Healthy eating is one of the most important things you can do for your body and eating seasonal foods is a great way to improve your eating habits. Building a lifestyle around eating seasonal food speeds up the body’s natural healing process. The seasons are a source of natural food diversity, if we eat within them. Gone are the days when the only fruits and vegetables available are what is in season right now. Today’s consumer knows that the bounty of produce in their local supermarket is just as likely to include broccoli in July as it is in December.
[ctt template=”4″ link=”4S8W7″ via=”yes” ]Fruits and vegetables in season are much more supportive of your health and the health of the planet. @TheHolisticates[/ctt]
The natural cycle of produce is perfectly designed to support our health.
When fall is in the air, the summer tomatoes are about done and the cucumbers and peppers are giving it their last push before frost. Yet, the turnips, carrots, beets and sweet potatoes are flourishing and at their peak for picking. Apples, pears and winter squash are lining up at farmer’s markets and the pumpkins are ready to pick.
[ctt template=”4″ link=”88Au1″ via=”yes” ]In the fall, apples are the perfect transition food to help the body get rid of excess heat and cool down before winter. @TheHolisticates[/ctt]
In the spring the abundance of leafy greens help us alkalize, detox and lose some extra pounds after a long winter of heavier foods. In the summer we need to cool down and stay hydrated by eating more fruits, berries, cucumber, watermelon, etc.
Eating seasonally may seem simple—you eat foods that are “in season,” or being grown and harvested at the time of the year when you buy and cook them, but there’s more to it than just a trendy food movement. There are real benefits to eating foods that are available at their peak each season. By eating freshly harvested produce, you get a much higher antioxidant content than non-seasonal foods. Plus, as you will be rotating your foods, you’ll keep your body from developing intolerances to over-indulged foods and reaping all the health benefits of a diverse diet that is naturally detoxifying.
Seasonal Eating is Green
Before global transportation was as common and fast as it is today, eating seasonally and locally were just what everyone did. No one assumed you could get peaches in the winter, or pumpkins in the summer. Today produce sometimes needs to travel well over 1,000 miles to get to our local supermarkets. Seasonal and local foods travel much shorter distances than non-local fruits and vegetables.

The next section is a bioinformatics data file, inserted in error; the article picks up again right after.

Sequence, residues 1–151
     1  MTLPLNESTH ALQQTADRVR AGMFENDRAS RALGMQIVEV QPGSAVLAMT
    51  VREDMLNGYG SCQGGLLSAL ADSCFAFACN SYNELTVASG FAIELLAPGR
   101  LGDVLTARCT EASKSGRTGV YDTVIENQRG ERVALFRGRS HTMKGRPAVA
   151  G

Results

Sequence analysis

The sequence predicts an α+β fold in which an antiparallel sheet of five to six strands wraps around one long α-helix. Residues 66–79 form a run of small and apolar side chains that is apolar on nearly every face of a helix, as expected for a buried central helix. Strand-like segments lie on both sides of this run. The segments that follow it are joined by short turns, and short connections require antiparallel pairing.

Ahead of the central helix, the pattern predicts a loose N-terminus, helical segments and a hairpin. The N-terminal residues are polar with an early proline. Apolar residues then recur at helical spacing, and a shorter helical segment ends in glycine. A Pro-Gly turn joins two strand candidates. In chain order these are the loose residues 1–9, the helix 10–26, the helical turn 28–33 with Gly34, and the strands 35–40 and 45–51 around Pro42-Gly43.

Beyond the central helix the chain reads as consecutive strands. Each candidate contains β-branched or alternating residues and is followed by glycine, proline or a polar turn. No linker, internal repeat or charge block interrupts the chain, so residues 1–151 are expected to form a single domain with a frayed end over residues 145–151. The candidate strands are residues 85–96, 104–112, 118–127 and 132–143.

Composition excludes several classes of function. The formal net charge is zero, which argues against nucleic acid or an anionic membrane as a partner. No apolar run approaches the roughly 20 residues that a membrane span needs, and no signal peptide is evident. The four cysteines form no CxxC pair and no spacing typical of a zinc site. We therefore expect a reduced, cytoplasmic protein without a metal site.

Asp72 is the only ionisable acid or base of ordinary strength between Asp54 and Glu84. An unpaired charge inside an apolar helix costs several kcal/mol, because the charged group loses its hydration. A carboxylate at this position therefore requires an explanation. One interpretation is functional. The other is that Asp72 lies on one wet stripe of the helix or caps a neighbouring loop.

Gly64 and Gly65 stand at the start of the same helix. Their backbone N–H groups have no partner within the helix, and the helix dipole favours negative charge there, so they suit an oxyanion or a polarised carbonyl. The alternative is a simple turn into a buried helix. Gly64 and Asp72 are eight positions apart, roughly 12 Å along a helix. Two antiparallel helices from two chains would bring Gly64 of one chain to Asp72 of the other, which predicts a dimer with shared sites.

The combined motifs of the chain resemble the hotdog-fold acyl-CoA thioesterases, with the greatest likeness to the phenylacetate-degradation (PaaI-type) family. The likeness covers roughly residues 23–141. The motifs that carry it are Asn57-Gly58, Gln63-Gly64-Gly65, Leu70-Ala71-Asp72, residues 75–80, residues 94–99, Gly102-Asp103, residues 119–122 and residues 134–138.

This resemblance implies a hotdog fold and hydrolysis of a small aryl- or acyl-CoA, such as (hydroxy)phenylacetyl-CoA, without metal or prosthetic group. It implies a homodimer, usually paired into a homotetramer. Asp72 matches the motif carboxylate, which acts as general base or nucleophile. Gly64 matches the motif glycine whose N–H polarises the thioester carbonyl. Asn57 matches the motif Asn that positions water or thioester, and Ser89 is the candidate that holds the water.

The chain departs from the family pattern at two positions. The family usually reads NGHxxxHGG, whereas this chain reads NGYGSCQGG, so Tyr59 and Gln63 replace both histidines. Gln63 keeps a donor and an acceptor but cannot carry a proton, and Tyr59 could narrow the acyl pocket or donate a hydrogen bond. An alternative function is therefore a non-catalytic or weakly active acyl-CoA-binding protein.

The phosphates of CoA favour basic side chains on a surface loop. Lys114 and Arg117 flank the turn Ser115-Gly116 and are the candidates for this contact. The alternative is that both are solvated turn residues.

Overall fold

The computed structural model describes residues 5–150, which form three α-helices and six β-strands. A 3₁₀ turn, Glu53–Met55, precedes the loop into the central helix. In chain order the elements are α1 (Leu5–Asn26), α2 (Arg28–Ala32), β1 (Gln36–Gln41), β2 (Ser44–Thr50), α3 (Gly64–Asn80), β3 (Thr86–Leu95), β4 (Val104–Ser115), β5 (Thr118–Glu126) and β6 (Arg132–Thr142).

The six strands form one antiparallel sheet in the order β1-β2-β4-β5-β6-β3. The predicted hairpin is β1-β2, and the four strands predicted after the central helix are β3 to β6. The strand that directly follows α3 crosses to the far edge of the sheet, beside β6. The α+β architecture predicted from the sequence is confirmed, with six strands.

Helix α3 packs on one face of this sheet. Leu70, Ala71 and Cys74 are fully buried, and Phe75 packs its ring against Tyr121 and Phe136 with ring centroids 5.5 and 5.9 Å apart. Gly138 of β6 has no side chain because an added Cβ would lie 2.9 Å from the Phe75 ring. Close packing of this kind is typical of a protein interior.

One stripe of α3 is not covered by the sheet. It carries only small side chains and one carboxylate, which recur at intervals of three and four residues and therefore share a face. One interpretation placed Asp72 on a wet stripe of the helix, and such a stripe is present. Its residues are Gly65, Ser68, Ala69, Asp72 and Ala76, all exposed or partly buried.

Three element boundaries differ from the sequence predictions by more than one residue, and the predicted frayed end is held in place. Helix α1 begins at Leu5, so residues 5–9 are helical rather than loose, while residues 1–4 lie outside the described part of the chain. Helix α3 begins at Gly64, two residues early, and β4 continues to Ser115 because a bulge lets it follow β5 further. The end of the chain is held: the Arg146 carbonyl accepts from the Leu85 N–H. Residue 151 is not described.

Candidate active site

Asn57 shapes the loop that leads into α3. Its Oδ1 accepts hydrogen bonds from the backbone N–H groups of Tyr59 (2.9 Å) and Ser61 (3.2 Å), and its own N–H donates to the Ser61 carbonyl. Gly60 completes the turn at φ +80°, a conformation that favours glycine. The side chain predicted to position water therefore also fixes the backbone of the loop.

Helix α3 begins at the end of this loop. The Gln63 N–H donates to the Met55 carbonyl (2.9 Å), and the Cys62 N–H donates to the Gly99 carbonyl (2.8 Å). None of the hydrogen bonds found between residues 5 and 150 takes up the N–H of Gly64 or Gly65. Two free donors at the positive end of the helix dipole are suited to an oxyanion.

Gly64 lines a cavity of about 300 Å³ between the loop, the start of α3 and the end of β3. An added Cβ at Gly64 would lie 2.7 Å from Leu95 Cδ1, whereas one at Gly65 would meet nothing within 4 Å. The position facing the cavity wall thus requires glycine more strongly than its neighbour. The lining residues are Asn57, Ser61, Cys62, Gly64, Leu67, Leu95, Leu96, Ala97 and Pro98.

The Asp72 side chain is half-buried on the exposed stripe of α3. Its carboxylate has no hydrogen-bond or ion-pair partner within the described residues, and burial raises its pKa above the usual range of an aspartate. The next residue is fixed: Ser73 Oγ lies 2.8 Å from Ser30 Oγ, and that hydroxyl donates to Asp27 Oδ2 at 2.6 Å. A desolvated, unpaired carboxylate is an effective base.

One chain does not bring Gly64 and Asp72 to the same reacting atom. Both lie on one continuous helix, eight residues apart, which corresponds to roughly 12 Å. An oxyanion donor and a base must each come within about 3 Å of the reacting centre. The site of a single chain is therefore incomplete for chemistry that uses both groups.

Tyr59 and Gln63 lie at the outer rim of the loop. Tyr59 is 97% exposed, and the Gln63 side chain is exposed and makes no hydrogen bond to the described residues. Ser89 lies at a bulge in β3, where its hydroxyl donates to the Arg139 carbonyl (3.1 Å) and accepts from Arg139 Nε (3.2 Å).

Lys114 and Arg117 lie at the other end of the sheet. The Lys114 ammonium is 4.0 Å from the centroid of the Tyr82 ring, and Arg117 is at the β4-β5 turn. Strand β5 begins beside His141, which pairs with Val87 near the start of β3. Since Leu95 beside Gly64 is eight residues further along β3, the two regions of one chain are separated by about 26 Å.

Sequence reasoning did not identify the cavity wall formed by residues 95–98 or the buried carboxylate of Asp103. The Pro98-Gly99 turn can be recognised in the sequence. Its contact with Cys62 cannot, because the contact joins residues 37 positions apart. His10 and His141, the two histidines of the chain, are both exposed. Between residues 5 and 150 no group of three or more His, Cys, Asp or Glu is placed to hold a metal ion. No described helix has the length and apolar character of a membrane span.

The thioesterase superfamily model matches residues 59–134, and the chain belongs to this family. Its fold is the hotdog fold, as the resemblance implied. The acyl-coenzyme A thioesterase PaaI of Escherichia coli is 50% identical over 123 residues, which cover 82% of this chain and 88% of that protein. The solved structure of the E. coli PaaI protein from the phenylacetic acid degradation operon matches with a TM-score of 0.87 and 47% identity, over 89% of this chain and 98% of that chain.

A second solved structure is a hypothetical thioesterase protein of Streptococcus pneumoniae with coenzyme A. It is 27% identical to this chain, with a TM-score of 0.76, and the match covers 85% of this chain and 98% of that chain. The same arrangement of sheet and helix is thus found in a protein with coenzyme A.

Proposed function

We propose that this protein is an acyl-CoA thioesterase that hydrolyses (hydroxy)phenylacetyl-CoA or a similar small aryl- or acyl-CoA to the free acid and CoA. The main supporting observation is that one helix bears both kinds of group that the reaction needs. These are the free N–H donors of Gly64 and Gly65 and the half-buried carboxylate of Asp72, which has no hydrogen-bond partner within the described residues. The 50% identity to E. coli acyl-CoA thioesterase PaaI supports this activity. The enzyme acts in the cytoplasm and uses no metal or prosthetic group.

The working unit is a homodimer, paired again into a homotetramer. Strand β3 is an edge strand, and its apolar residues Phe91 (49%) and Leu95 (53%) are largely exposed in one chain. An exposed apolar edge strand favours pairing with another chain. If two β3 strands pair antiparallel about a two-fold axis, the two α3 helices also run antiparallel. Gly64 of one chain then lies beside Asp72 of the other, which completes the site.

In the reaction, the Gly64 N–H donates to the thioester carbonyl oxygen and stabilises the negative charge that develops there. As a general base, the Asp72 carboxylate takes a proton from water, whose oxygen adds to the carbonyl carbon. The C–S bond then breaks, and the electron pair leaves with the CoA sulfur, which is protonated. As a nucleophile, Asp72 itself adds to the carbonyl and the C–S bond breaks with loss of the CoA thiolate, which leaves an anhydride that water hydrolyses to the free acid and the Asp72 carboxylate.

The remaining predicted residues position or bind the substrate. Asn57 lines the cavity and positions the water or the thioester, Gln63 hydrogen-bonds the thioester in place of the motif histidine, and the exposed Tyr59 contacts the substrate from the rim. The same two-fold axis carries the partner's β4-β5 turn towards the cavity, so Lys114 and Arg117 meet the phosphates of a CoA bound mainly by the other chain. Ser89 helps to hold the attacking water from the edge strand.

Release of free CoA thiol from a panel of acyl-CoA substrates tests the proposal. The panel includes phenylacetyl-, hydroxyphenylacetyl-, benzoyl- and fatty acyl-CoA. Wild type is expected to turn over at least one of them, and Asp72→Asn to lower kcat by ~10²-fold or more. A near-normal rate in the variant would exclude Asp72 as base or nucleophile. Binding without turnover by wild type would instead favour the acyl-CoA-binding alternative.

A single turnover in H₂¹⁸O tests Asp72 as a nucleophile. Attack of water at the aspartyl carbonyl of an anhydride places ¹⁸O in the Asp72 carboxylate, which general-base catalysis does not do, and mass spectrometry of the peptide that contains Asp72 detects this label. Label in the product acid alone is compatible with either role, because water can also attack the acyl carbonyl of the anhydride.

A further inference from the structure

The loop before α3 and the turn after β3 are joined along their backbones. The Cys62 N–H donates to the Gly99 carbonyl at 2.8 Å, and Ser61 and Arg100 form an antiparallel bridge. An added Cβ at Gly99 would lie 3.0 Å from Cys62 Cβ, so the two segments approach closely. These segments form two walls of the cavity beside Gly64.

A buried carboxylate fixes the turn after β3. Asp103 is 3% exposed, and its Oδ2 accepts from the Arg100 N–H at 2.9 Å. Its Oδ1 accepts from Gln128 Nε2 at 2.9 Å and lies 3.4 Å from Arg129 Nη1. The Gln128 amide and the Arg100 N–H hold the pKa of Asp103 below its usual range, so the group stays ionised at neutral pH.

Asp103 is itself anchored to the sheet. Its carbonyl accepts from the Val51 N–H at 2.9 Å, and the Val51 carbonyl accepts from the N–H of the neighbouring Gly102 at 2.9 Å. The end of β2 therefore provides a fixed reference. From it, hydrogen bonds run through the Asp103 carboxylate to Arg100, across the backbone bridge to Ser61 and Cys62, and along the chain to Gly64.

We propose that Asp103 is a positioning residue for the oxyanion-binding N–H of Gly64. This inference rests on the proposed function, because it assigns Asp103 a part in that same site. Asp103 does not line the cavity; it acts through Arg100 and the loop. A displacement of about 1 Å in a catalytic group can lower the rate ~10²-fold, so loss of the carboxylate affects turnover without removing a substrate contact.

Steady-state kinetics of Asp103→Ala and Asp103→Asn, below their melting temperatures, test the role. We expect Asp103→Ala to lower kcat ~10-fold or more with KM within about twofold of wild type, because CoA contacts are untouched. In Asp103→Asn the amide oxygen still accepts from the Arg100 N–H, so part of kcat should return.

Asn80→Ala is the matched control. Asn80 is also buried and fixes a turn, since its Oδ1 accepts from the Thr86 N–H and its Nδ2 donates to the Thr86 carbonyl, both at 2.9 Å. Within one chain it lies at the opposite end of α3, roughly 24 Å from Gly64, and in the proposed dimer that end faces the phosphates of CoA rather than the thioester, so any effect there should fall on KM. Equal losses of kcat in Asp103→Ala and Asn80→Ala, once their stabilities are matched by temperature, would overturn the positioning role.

Plus, seasonal foods typically have fewer chemicals. Foods that have been picked too early and travel long distances don’t look as pretty as the seasonal ones that were picked at peak ripeness. So, to make them look more appealing, they’re often given chemical ripening agents, wax coatings and other preservatives. Seasonal eating greatly reduces the need for this, giving you healthier food and reducing your carbon footprint.
Seasonal Food Tastes Better
Seasonal food is significantly more delicious than food grown out of season. Foods that have had the chance to fully, naturally ripen before they’ve been picked will taste the way they’re supposed to – delicious! And if you’ve ever compared the sweetness of a tomato in February to one in August, you know what allowing food to fully ripen means to your taste buds.
As I’m writing this post in the fall, the growing season is drawing to a close in many parts of the country and people are harvesting their summer and fall crops. This is a great time of year to taste the bounty of fresh, delicious food of this season. Here is one of my favorite Fall recipes. Give it a try.
Roasted Beets ‘n’ Sweets
6 medium beets, peeled and cut into chunks
2 1/2 tablespoons olive oil, divided
1 teaspoon garlic powder
1 teaspoon kosher salt
1 teaspoon ground black pepper
1 teaspoon sugar (I used 1 Tablespoon agave nectar)
3 medium sweet potatoes, cut into chunks
1 large sweet onion, chopped
Preheat oven to 400 degrees F (200 degrees C).
In a bowl, toss the beets with 1/2 tablespoon olive oil to coat. Spread in a single layer on a baking sheet.
Mix the remaining 2 tablespoons olive oil, garlic powder, salt, pepper, and sugar in a large resealable plastic bag.
Place the sweet potatoes and onion in the bag. Seal bag, and shake to coat vegetables with the oil mixture.
Bake beets 15 minutes in the preheated oven. Mix sweet potato mixture with the beets on the baking sheet.
Continue baking 45 minutes, stirring after 20 minutes, until all vegetables are tender. Yum!